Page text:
Is this the part where you find out
I'm there for you
You find out I'm there for you
You find out I'm there for you

Wednesday, August 15, 2012

Aug 15: Read "The Solace of Fierce Landscapes"

August 15 Compassionate Living Tip from Interfaith Paths to Peace

Read "The Solace of Fierce Landscapes" by Belden C. Lane

Buy this book from your local independent bookseller!

In the tradition of Kathleen Norris, Terry Tempest Williams, and Thomas Merton, The Solace of Fierce Landscapes explores the impulse that has drawn seekers into the wilderness for centuries and offers eloquent testimony to the healing power of mountain silence and desert indifference.

Interweaving a memoir of his mother's long struggle with Alzheimer's and cancer, meditations on his own wilderness experience, and illuminating commentary on the Christian via negativa--a mystical tradition that seeks God in the silence beyond language--Lane rejects the easy affirmations of pop spirituality for the harsher but more profound truths that wilderness can teach us. "There is an unaccountable solace that fierce landscapes offer to the soul. They heal, as well as mirror, the brokeness we find within." It is this apparent paradox that lies at the heart of this remarkable book: that inhuman landscapes should be the source of spiritual comfort. Lane shows that the very indifference of the wilderness can release us from the demands of the endlessly anxious ego, teach us to ignore the inessential in our own lives, and enable us to transcend the "false self" that is ever-obsessed with managing impressions. Drawing upon the wisdom of St. John of the Cross, Meister Eckhardt, Simone Weil, Edward Abbey, and many other Christian and non-Christian writers, Lane also demonstrates how those of us cut off from the wilderness might "make some desert" in our lives.
Written with vivid intelligence, narrative ease, and a gracefulness that is itself a comfort, The Solace of Fierce Landscapes gives us not only a description but a "performance" of an ancient and increasingly relevant spiritual tradition.

Tuesday, August 14, 2012

Aug 14: Join the 2012 Hunger Walk

August 14 Compassionate Living Tip from Interfaith Paths to Peace

Sign up today for the Sept 9 Hunger Walk in Louisville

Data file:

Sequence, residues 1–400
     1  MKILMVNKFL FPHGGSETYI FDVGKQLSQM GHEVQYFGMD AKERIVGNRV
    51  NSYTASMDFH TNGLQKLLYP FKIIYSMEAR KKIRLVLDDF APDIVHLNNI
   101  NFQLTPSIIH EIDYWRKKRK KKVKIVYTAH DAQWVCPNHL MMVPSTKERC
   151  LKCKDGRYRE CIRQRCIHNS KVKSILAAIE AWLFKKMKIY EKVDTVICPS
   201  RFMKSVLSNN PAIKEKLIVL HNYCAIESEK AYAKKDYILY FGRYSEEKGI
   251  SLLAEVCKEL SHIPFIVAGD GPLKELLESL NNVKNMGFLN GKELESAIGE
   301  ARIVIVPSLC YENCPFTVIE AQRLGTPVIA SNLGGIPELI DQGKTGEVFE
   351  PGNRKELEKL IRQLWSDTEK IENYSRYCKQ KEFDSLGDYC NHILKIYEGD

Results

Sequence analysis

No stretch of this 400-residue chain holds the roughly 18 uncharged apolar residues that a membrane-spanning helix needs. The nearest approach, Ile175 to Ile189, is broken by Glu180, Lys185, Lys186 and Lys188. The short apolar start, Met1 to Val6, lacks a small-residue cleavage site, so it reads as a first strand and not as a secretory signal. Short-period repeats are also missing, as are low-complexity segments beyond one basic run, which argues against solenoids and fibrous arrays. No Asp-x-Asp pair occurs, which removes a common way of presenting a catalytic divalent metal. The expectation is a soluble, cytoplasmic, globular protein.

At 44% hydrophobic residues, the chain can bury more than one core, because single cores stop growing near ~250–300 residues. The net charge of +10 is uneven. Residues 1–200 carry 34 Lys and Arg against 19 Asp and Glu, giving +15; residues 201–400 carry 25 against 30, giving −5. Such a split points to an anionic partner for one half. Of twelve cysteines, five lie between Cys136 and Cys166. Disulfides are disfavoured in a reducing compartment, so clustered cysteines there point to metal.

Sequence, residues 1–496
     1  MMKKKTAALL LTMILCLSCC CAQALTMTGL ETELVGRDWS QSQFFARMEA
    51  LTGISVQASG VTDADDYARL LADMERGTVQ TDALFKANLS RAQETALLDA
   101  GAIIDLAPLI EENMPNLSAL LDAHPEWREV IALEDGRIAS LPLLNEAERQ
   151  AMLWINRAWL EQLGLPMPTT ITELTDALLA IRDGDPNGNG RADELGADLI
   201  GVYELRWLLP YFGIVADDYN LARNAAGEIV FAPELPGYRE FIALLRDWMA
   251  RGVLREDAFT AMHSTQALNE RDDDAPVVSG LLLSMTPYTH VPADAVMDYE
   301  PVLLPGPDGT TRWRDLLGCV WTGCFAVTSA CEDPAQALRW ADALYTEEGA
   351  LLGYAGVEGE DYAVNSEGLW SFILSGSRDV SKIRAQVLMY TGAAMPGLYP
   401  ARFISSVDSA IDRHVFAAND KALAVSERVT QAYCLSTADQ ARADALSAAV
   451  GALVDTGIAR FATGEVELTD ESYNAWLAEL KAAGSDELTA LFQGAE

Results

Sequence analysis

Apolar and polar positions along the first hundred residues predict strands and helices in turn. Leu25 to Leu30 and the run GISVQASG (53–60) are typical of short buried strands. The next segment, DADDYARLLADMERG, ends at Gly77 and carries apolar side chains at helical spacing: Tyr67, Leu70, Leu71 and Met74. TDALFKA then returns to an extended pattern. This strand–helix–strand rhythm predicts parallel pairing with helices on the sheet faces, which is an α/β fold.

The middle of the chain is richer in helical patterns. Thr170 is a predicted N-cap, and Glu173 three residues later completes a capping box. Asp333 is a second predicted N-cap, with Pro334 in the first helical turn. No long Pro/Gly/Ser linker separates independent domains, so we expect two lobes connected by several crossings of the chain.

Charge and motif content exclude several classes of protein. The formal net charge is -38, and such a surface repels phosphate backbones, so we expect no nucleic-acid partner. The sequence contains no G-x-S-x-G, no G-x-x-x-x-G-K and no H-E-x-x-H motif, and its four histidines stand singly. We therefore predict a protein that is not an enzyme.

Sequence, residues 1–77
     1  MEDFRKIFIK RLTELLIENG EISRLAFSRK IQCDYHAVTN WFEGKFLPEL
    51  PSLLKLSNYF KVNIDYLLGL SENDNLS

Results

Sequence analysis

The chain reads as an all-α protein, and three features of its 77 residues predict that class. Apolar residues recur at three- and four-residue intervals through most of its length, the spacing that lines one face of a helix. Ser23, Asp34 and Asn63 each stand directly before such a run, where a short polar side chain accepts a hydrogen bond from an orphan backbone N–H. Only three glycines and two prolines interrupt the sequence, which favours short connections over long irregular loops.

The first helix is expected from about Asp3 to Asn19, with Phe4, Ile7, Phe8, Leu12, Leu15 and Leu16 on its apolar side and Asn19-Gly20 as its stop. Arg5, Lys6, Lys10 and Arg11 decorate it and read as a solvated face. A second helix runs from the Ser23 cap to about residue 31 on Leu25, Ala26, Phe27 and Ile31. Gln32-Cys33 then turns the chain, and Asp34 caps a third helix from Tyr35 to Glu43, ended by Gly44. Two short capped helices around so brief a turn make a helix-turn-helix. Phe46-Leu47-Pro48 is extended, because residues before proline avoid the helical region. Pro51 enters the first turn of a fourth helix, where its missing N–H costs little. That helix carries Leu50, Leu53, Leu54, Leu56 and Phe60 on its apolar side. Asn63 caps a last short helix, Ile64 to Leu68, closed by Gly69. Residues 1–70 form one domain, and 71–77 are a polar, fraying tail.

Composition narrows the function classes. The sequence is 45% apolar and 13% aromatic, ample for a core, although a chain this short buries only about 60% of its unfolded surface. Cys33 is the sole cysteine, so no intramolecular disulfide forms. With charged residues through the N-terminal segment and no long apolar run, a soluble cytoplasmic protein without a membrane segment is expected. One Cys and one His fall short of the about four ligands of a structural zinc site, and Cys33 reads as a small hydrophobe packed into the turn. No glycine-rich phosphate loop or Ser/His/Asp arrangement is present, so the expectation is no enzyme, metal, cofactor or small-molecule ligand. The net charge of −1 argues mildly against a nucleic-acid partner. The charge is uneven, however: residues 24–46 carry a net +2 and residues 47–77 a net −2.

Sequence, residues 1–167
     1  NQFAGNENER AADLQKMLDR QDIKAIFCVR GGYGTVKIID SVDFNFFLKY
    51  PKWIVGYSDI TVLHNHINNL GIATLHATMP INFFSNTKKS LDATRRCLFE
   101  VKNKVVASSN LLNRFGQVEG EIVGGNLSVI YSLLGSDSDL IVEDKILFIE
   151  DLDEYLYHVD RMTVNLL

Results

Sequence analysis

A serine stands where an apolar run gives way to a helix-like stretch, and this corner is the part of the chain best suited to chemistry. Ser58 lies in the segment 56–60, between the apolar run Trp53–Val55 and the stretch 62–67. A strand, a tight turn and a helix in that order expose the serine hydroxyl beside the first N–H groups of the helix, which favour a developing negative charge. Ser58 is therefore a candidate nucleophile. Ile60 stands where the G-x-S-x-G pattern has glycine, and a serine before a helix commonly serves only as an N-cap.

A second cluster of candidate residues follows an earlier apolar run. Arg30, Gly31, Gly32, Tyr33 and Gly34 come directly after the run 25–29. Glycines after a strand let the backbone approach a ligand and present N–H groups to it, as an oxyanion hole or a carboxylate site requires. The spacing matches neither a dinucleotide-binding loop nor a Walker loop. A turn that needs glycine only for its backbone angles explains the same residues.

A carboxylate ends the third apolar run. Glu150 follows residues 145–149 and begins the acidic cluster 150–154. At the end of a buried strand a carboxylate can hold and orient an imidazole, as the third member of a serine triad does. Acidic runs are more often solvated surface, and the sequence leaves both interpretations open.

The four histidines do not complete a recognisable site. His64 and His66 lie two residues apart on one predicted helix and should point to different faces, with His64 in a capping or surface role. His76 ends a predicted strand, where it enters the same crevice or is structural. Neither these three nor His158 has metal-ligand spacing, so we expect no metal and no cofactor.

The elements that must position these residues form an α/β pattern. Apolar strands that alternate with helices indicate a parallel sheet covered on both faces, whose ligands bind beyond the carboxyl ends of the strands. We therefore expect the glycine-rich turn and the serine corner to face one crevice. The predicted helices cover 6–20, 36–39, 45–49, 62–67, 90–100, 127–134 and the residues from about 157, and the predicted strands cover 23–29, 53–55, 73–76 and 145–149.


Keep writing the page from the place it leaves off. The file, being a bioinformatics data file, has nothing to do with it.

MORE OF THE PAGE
The Hunger Walk

September 9, 2012

Waterfront Park

The Hunger Walk presented by Aramark is a 5K Walk and Run benefiting Dare to Care Food Bank and the World Food Program.  Over 2,000 people put hunger on the run and make a public commitment that everyone will have access to the food they need to be healthy.
All net proceeds from the Hunger Walk benefit Dare to Care Food Bank and the World Food Program.   

The Hunger Walk is organized by Dare to Care and Interfaith Paths to Peace.

Monday, August 13, 2012

Aug 13: The Sacred Art of Forgiveness

August 13 Compassionate Living Tip from Interfaith Paths to Peace

Learn about "The Sacred Art of Forgiveness"

Tap into the power of the Divine. Learn how to forgive—and be forgiven.
Everyone knows that forgiveness is a virtue and a key to emotional, spiritual and even physical well-being. But learning how to actually forgive—or to accept forgiveness, as the case may be—is a sacred art few of us have mastered. 
It doesn’t have to be that way. Writing from personal experience and her broad knowledge of many faith traditions, Marcia Ford offers a new perspective on forgiveness and reconciliation, an approach rooted in the Spirit that can be learned by anyone no matter how deep the hurt. Through real-life examples, penetrating reflections, scriptural references and practical suggestions, Ford outlines the steps that one by one can help you to forgive, including: 
    • Coming to terms with anger, bitterness and resentment
    • Understanding the differences between forgiveness and reconciliation
    • Taking the initiative, even when you’re the one who’s been wronged
    • Strategies for listening “with the heart” in emotionally charged situations
    • Knowing when to forgive and forget—and when to forgive and take action
    • Ways of allowing the power of the Divine to work through you
    • Finding compassion for others—and for yourself
    • … and much more 

Sunday, August 12, 2012

Aug 12: The Healing Power of Compassion

August 12 Compassionate Living Tip from Interfaith Paths to Peace

Listen to Buddhist Leader Jack Kornfield's Story of the Healing Power of Compassion

Jack Kornfield: A Story about the Healing Power of Compassion

Whether he’s speaking to beginners, advanced students, or anyone else interested in the spiritual journey, Jack Kornfield’s favorite way of transmitting insight is through stories. As Sounds True producer Randy Roark observes, Jack’s heartfelt stories may be funny, surprising, or poignant—and are always rich with wisdom. In Jack’s new program, Awakening Is Real: A Guide to the Deeper Dimensions of the Inner Journey, he talks about the spiritual journey, from the moment we first become aware of a longing for something more to the final steps we take as we approach our death. “For this episode,” Randy says, “I selected one story from these talks that moved me most. It’s the story of an aging Tibetan monk who has just been given a cancer diagnosis.”